One key to the runner was to not over run him. “This is one big horse, but he trains light,” said Frankel. “He doesn’t need a lot of work.”
    A month later, Saratoga Passage faced a talented field in the $60,000 Viking Spirit Stakes at Santa Anita, finishing third in the race won by future Santa Anita Handicap-G1 winner Ruhlmann. Saratoga Passage earned a 97 speed rating for his efforts.
    On April 2, Saratoga Passage finished third in the nine furlong San Bernardino Handicap-G2, his first effort at the distance. Rider Delahoussaye remarked after the race, “He ran a good race. The others [Ruhlmann and Lively One] just ran faster.”
    A change of scenery and coasts was on the agenda for the Whidbey Island-foaled runner, as his next start came in the $700,000 Pimlico Special on May 13 at 1 5/16 miles in Maryland. He finished sixth, 7 1/2 lengths behind the winning 1988 champion older male runner Blushing John.
    Back in southern California, he ran sixth and last in the $300,000 Californian Stakes-G1 at Hollywood Park on June 4 after Frankel had decided that Delahoussaye needed to have the runner closer to the pace than was his style. He later admitted his tactical error.

Where the Turf (Performer) Meets the Surf
    Summer racing in southern California means a journey south to Del Mar and its ocean breezes. There were other changes in the wind for Saratoga Passage, as he was about to make his first official start on the turf. On July 31, the now 17-hands plus gelding took to the turf like a goose does to water, and though the official win margin was only a head for the mile allowance, it was an “eye-catching” victory.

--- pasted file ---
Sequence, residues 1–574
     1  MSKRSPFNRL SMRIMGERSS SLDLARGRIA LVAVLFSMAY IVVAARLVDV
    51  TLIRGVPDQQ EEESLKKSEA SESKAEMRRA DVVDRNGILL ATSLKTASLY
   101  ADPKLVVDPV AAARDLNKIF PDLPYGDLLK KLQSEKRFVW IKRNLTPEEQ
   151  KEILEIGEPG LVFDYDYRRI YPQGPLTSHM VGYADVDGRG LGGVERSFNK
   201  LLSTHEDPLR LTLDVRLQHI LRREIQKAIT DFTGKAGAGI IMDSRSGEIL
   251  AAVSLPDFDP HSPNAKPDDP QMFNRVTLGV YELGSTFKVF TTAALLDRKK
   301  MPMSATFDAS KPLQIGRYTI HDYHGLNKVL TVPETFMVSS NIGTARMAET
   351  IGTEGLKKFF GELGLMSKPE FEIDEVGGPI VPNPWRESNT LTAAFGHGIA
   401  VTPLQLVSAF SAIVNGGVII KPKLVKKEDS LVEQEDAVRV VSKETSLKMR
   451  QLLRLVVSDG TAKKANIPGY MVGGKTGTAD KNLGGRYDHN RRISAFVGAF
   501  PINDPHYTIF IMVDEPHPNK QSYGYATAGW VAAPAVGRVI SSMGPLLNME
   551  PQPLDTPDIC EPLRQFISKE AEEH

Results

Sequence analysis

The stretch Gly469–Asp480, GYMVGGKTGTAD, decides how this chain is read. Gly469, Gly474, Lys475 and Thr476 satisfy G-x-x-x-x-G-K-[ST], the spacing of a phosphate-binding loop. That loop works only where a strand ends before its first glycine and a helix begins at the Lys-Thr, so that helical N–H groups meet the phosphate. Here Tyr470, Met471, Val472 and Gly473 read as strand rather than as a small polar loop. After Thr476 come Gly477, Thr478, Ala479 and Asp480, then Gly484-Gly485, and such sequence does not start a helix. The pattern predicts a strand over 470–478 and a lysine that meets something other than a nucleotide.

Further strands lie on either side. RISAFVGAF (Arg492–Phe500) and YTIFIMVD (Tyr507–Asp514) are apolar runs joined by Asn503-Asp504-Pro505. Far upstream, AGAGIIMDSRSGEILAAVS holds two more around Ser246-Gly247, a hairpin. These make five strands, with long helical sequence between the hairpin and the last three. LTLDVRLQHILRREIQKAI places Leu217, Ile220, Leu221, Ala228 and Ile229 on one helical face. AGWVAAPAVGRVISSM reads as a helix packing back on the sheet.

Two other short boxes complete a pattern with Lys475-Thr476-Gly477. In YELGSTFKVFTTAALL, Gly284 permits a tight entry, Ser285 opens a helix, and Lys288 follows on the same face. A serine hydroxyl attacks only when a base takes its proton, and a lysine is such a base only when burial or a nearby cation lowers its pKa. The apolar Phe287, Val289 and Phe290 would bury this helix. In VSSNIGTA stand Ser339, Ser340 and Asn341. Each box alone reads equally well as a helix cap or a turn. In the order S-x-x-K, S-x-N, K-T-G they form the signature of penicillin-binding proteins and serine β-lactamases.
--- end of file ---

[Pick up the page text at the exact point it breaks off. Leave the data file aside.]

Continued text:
Two weeks later, Frankel’s newly switched-to-grass runner faced eight others in the nine furlong Eddie Read Handicap-G1 with its purse of $275,250. Only four pounds separated the field, with favorite Silver Circus assigned a highweight of 118. Saratoga Passage carried 116, including Delahoussaye.
    Equipped with blinkers, Saratoga Passage broke slowly and then maintained his usual place at the back of the pack for the early furlongs. At the top of the stretch, he weaved his way through horses and closed with an impressive run to defeat Skip Out Front by 2 1/4 lengths in a time of 1:49 over a firm turf.
    To this date, Saratoga Passage is still the only Washington-bred to ever win two grade one events and one of a small handful of top runners nationally that would prove successful over both turf and dirt at a grade one level.
    “I was kicking myself for not putting him on the turf before this, but maybe it’s for the best,” said a jubilant Frankel. “We haven’t used him up, and we’ve got a terrific grass horse here. He’s bred for it; he’s got the foot for it; and he’s got the style for it.” The trainer also felt he might be getting a little sore on the dirt.
    At the start of the year, Saratoga Passage ranked 10th among Washington-bred earners. After his Read victory, he was number one among all statebreds with $593,712.
    After the race, Saratoga Passage’s owners and trainer were considering both the Arlington Million-G1 and the Del Mar Invitational-G2 as the next stop for their rejuvenated runner, but the home court advantage won out and Saratoga Passage’s next outing was in the September 4 Del Mar race.